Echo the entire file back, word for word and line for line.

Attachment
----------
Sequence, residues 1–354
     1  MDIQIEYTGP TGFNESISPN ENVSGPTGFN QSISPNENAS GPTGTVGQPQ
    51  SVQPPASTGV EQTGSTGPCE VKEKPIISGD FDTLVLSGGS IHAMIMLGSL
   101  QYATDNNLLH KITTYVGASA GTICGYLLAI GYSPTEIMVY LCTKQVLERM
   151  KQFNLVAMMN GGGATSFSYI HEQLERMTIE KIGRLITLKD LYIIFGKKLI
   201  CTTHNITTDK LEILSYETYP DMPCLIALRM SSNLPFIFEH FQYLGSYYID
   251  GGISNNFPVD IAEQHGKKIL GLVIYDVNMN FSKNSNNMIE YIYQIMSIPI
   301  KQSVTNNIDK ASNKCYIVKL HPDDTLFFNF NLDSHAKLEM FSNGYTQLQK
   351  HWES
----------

Sequence, residues 1–354
     1  MDIQIEYTGP TGFNESISPN ENVSGPTGFN QSISPNENAS GPTGTVGQPQ
    51  SVQPPASTGV EQTGSTGPCE VKEKPIISGD FDTLVLSGGS IHAMIMLGSL
   101  QYATDNNLLH KITTYVGASA GTICGYLLAI GYSPTEIMVY LCTKQVLERM
   151  KQFNLVAMMN GGGATSFSYI HEQLERMTIE KIGRLITLKD LYIIFGKKLI
   201  CTTHNITTDK LEILSYETYP DMPCLIALRM SSNLPFIFEH FQYLGSYYID
   251  GGISNNFPVD IAEQHGKKIL GLVIYDVNMN FSKNSNNMIE YIYQIMSIPI
   301  KQSVTNNIDK ASNKCYIVKL HPDDTLFFNF NLDSHAKLEM FSNGYTQLQK
   351  HWES